Consider the benefits of giving yourself a day off a week. Right, that never happens, but if your goal is to pay someone to handle most of the horse chores even just one day a week, you’ll be a lot better off when you need emergency coverage. The time and money you spend training them and keeping them loyal will be worth it. You’ll have more hours to handle neglected farm activities and reduced stress when you must leave the property.   

Watch how they handle things when they think you’re not looking. That will tell you a lot about how they’ll perform when you’re away. If they have a good work ethic, some common sense, and a desire to do the right thing by the horse, this bodes well.

I had a window in my office where all the paddocks and pastures were visible to me but others couldn’t see inside. It was the second story of a garage. This helped a lot in assessing problem-solving skills and an employee’s nature. If you have a spot you can watch from that’s not visible to your help, you’ll be amazed at what you learn.  

Listen to your horses

Horses are great at telling you when something doesn’t feel right. It’s funny, I used to walk into barns at the racetrack and could assess a trainer’s style immediately. That was a good thing because I was getting tossed onto a lot of horses I didn’t know. You could tell which barns pumped up the horses with hormones, which trainers were nervous and afraid of their equines, which shedrows had violent grooms and where the horse was included in the exercise decisions.

You have the advantage of knowing what’s normal for the horses at your barn. If they get anxious, aggressive or agitated when someone walks into the barn, listen. That’s not a good sign. Reconsider if the person you’ve chosen for help is a good fit for your stable care needs.

Guide with flexibility

No one’s ever going to be able to do things exactly the way you do. Sometimes, that’s an opportunity for you to learn too. People with experience have ideas and processes that may offer better approaches you hadn’t considered. Of course, people with experience also like to do things their way.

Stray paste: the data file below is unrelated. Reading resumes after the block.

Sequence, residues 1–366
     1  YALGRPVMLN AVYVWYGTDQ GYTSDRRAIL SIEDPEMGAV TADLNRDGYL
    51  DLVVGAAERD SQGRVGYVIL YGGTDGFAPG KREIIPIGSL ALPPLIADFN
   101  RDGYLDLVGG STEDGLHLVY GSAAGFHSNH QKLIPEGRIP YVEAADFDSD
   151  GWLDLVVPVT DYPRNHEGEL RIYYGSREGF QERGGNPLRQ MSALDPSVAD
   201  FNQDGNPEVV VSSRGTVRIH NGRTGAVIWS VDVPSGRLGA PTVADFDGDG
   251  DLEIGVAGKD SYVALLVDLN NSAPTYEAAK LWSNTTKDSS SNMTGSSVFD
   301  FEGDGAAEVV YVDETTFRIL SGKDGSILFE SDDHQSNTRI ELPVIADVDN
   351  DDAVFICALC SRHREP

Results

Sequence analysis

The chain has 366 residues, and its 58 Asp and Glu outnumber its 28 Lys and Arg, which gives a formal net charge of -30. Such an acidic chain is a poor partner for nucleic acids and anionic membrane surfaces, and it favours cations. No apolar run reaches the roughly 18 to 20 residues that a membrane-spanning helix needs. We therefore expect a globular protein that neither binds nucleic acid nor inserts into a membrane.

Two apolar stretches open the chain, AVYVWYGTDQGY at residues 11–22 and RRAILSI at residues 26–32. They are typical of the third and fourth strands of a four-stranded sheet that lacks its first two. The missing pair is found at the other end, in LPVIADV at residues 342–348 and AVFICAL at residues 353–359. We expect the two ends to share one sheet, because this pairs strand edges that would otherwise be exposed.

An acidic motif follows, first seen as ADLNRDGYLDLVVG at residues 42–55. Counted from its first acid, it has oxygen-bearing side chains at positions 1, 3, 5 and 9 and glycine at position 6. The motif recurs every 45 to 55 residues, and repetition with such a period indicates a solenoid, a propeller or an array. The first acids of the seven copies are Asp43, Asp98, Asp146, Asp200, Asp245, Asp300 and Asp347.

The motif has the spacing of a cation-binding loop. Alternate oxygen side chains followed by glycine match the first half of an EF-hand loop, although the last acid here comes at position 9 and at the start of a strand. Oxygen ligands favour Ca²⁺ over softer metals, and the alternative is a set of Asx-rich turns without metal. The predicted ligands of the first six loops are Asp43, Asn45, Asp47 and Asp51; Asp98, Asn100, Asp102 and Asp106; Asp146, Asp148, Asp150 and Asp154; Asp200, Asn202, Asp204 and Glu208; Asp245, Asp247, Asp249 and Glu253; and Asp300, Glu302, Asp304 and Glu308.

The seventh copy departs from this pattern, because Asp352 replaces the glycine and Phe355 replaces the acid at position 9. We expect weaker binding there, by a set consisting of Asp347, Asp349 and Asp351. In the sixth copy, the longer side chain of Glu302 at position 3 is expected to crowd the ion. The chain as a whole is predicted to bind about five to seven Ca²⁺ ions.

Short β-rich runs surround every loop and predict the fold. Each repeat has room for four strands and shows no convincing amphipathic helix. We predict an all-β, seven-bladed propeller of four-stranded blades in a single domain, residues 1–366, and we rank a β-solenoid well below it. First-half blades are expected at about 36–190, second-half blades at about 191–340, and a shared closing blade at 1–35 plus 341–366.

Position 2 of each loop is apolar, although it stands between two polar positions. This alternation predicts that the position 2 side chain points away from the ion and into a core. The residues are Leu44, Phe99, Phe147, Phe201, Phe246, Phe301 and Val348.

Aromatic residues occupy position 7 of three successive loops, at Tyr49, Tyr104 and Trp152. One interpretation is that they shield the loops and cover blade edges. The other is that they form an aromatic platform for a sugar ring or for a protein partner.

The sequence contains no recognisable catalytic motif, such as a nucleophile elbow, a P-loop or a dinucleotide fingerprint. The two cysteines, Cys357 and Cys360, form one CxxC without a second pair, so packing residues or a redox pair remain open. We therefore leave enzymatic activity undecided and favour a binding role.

Training help with little or no horse experience gives you the opportunity to mold someone to do things the way you like them done. It takes a lot more time to work with a novice, but often the results are better.

Either way, it’s unlikely your barn and horses will look the same as when you do the work. That’s OK if horses are comfortable, happy and safe. If you get too focused on everyone doing things just like you, you’ll lose a lot of help and sleep. Realize people need some freedom to do a job the best way they see it.

Try to focus on and encourage the strengths of the staff you engage. You can comment on the items that frustrate you, but if you put heavy focus on this, you’ll discourage your help. Let them have some freedom to come up with solutions that work for them. You might be surprised at how impressive their effort becomes.

Finding help in remote areas

I’ve engaged everyone from neighbors to my vet in horse care coverage. Some worked out better than others.  

I was very fortune to have an equine vet buy a property nearby after years of challenges with the local “go-to” vet for every kind of animal – jack of all trades, master or none – or needing to truck horses to facilities where knowledgeable professionals worked. That’s a rare stroke of luck, I realize, but sometimes there are opportunities to engage the very best available for affordable horse care. I was on the ready to help with her farm emergencies or care needs too.

You might be surprised, though, who is willing to be available if you only ask. Vets, blacksmiths, chiropractors and all sorts of other horse professionals you pay to help you keep your horses healthy and happy might be open to giving you coverage. If they’re horse lovers and owners, chances are they’ve had the same challenges finding someone they trust to jump in when they need help. That kind of quid pro quo can be priceless.